“What kind of gun?” I asked.
     “It’s an old Army pistol,” he said. “I’ve seen him with it.”
     “By old you mean…”
     “Like World War II? An automatic.”
     It was very common to call semi-automatic pistols, “automatics” in those days.
     “He is a hangin’ out with that Steve Spitz from Sherman. He’s trouble,” the mom said.
     Bone nodded and said, “Heard of him.”
     “I’ll bet you have. He’s a snake in the grass,” the dad said.
     “They drive around in Spitz’s car,” the mom said. “Some kind of Camaro, dark red. It ain’t his, it belongs to some poor girlfriend of his.”
     We collected various bits of other information, like the little sister’s name and birthdays. Cars. Etc.
     Then Bone and I drove back to the Crisco Sheriff’s Office and we went straight to their records room. We looked up Spitz. Bone uncovered in the county files that both Spitz and Crebbs were roommates in their jail years ago under burglary charges. With the Spitz birthday on file, we ran his criminal history and drivers license info. We had mugshots. Spits had dark hair, Crebbs had blond hair.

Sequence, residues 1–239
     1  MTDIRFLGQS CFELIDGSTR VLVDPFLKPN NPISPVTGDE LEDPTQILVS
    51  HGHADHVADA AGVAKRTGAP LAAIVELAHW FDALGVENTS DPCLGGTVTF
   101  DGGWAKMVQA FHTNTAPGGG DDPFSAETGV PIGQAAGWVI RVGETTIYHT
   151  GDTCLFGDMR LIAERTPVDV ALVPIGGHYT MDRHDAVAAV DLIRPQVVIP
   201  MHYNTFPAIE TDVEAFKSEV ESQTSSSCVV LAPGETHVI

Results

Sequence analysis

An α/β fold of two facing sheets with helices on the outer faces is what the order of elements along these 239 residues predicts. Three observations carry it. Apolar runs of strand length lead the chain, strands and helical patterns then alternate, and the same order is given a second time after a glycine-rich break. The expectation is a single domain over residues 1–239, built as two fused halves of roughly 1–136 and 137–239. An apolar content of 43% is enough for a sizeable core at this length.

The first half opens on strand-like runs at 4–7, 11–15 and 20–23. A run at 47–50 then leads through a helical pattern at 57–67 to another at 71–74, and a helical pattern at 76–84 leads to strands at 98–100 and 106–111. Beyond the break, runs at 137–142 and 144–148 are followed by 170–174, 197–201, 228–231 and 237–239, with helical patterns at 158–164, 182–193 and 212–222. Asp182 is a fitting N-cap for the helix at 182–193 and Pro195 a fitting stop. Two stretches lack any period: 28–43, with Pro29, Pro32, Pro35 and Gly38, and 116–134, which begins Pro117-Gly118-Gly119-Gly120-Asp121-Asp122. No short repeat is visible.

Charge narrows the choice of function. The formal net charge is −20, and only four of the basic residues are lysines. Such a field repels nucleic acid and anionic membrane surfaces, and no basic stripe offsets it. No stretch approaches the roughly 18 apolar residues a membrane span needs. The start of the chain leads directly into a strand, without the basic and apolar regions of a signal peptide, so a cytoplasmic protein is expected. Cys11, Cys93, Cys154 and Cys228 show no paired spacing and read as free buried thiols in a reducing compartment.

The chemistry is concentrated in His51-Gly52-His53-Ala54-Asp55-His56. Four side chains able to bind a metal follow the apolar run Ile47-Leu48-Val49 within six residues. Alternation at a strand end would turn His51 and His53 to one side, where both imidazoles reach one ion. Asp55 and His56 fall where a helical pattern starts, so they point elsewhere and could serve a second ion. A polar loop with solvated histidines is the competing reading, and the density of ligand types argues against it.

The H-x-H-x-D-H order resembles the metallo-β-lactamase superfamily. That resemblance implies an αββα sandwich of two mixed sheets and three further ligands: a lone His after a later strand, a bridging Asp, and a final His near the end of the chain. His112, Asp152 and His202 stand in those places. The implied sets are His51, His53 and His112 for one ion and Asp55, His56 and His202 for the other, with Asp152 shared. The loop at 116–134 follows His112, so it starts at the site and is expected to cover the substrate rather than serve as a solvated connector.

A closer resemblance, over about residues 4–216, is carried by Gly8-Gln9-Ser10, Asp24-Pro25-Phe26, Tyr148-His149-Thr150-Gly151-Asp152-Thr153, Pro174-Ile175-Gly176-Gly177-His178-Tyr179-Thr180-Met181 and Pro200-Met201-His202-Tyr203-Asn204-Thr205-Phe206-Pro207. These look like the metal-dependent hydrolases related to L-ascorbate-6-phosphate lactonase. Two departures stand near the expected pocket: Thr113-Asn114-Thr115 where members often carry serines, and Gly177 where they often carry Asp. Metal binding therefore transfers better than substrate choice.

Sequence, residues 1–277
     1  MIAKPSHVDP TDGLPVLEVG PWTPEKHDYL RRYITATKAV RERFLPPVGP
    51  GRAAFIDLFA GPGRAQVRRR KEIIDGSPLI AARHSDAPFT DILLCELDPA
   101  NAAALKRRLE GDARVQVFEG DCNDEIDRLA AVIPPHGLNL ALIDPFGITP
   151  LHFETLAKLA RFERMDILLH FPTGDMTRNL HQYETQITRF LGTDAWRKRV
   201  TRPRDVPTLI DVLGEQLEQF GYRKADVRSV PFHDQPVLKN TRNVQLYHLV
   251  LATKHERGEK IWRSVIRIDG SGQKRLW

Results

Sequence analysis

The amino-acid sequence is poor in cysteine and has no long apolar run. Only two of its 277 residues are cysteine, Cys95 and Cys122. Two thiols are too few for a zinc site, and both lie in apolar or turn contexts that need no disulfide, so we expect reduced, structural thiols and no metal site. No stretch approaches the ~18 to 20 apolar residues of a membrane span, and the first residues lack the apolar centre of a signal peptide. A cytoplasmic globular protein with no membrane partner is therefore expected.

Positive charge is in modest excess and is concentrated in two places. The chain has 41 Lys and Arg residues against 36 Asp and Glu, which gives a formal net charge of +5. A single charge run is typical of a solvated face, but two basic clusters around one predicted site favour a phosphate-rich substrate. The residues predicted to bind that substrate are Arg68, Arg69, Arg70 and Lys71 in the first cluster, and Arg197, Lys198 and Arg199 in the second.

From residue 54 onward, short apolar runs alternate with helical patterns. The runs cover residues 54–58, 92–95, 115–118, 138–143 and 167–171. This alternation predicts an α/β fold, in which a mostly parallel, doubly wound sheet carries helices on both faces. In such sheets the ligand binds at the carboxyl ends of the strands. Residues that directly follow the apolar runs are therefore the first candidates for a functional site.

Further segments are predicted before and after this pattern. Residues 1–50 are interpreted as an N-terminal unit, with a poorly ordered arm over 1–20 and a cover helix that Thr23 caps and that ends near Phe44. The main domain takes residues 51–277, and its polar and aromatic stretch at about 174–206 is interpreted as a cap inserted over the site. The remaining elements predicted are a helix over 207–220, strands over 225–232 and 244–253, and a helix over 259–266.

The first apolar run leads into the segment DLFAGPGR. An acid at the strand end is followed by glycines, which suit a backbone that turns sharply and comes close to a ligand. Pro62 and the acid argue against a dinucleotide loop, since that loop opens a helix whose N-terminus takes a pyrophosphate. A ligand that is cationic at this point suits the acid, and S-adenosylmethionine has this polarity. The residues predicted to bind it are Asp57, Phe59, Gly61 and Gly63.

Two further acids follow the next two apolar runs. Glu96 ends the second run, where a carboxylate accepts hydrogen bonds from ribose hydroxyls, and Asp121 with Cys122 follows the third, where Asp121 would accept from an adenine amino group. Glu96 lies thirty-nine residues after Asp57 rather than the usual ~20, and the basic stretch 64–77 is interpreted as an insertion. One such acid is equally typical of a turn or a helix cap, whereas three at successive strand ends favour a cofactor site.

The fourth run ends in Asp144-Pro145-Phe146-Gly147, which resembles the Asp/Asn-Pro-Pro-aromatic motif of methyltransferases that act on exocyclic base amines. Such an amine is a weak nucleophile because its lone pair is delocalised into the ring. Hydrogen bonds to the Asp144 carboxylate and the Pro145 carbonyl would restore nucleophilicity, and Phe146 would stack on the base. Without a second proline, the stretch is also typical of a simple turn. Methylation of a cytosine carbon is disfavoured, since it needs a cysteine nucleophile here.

Back home I collected all our recent armed robbery reports. I was not assigned to any of those robberies. One robbery was at the usual gas station combination convenience store.
     According to a customer pumping gas who saw the robbers approach the store, one robber was masked, the other man was still donning his mask while running across the lot. This almost masked man had black hair. And the customer saw the man’s face before the mask slipped on. The robbery team got inside, pulled an “old” semi-auto gun and robbed the place.
     Who was the witness pumping gas, the customer who saw the face? I scoured the report. The detective assigned to the robbery case had not found out, even after three weeks? I will only tell you that the detective assigned to the robbery was a slug, and I wasn’t surprised.
     I drove to the store and working with the manager, looked over the credit card receipts from the crime date and time, hoping the guy didn’t pay for his gas with cash, but used a credit card.